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Circ Res. 1996 Dec;79(6):1059-63.

Phospholamban: a prominent regulator of myocardial contractility.

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  • 1Department of Pharmacology & Cell Biophysics, University of Cincinnati College of Medicine, OH 45267-0576, USA.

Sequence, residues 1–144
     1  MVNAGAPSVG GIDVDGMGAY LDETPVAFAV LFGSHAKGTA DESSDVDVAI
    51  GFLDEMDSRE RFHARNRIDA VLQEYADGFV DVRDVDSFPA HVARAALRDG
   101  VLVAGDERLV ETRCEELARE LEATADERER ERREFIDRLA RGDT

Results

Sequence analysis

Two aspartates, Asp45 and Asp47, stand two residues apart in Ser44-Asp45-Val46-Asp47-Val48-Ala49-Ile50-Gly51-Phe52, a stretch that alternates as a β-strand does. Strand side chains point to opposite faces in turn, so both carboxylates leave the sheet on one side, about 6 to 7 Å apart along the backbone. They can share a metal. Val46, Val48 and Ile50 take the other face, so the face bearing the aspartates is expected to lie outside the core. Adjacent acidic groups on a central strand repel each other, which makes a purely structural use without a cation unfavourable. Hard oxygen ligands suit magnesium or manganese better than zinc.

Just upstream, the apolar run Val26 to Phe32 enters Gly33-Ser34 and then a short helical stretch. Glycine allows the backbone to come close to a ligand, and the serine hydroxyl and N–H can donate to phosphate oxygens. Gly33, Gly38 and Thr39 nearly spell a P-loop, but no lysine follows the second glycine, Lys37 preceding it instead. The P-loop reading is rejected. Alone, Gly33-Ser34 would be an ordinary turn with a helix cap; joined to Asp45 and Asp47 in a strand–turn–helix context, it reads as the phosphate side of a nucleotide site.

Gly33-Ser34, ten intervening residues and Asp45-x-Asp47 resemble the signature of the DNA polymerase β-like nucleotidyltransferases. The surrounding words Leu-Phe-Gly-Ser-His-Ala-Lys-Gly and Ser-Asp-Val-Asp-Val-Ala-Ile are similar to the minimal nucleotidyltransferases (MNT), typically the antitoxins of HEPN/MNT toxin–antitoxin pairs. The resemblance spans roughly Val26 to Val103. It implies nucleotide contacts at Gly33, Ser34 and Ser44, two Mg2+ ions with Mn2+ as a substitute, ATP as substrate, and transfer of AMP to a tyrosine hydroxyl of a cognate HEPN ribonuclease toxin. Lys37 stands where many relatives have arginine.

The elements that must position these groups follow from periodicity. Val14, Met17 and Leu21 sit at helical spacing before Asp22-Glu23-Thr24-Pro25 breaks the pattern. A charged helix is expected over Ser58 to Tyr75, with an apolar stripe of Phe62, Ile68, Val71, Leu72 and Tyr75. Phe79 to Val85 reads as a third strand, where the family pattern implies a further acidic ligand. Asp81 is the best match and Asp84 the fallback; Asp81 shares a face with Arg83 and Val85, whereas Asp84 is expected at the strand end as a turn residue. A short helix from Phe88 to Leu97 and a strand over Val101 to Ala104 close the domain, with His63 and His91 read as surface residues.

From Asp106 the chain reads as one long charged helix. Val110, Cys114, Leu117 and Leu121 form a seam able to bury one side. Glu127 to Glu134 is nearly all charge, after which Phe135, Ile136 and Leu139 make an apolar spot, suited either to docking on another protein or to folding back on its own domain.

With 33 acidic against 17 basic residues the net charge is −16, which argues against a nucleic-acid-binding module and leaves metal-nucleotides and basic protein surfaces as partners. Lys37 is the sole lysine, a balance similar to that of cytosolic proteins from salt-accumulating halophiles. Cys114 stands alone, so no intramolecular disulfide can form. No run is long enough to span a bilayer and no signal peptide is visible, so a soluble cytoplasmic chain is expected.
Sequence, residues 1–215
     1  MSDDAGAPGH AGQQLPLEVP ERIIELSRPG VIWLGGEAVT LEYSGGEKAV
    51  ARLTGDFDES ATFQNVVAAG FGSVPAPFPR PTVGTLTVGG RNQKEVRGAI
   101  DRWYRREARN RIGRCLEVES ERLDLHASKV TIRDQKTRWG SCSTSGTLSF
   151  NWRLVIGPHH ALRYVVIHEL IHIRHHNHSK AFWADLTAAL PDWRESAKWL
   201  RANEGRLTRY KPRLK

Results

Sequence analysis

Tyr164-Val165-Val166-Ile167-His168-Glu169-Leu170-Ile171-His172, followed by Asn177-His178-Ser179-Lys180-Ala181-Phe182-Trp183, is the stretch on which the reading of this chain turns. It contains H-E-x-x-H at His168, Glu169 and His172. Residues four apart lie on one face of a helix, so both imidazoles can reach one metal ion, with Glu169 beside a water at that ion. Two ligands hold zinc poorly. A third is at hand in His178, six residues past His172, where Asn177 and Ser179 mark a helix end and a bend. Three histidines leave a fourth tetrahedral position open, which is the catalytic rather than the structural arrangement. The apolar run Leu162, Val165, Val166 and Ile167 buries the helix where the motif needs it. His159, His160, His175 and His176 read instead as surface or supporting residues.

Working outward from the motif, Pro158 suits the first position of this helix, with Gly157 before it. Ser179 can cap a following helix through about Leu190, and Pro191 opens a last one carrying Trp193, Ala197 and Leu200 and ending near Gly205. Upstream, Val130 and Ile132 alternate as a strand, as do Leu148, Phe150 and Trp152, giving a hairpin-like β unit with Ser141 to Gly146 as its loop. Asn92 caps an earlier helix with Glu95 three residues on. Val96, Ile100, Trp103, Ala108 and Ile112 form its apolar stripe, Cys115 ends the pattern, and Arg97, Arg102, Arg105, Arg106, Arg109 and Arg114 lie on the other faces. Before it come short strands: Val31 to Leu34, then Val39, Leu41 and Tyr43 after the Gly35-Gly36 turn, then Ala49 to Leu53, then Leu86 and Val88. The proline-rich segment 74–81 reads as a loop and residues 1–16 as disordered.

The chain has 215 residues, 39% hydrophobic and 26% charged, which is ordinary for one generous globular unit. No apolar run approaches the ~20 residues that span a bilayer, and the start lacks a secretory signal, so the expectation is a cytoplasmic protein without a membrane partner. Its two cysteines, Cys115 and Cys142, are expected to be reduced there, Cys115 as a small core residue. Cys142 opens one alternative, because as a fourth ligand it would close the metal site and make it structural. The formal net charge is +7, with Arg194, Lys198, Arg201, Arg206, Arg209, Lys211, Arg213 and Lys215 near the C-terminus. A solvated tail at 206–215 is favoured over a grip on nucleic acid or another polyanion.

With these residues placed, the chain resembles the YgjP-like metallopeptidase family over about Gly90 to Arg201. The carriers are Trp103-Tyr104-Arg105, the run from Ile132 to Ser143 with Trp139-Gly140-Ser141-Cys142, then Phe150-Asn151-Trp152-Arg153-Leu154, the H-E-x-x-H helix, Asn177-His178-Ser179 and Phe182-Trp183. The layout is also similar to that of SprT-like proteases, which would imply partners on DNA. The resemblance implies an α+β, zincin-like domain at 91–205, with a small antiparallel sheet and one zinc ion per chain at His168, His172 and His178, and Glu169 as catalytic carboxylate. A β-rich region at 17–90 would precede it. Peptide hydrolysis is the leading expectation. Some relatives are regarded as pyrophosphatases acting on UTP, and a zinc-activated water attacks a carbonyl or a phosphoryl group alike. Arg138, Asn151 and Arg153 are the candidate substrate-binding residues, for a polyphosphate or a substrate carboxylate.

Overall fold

Our understanding of the role of phospholamban in cardiac physiology has evolved over the past two decades to the point where this protein is now understood to be a critical repressor of myocardial contractility. Phospholamban, through its inhibitory effects on the affinity of the cardiac sarcoplasmic reticulum Ca2+ pump for Ca2+, represses both the rates of relaxation and contraction in the mammalian heart. These inhibitory effects can be relieved through (1) phospholamban phosphorylation, (2) down-regulation of phospholamban gene expression, and (3) disruption of the phospholamban-Ca(2+)-ATPase interaction. Thus, genetic approaches and pharmacological interventions, designed to relieve the phospholamban inhibitory action on the cardiac sarcoplasmic reticulum Ca2+ pump and myocardial relaxation, may prove valuable in reversing the effects of several diseases in the mammalian heart. Such interventions could be designed to inhibit the phospholamban phosphatase, stabilize the phosphorylated state of phospholamban, interrupt the phospholamban-Ca(2+)-ATPase interaction, decrease phospholamban transcription, or disrupt phospholamban mRNA stability. Development of such therapeutic strategies to target phospholamban will be an important future goal for the clinical improvement of contractility in the failing heart.

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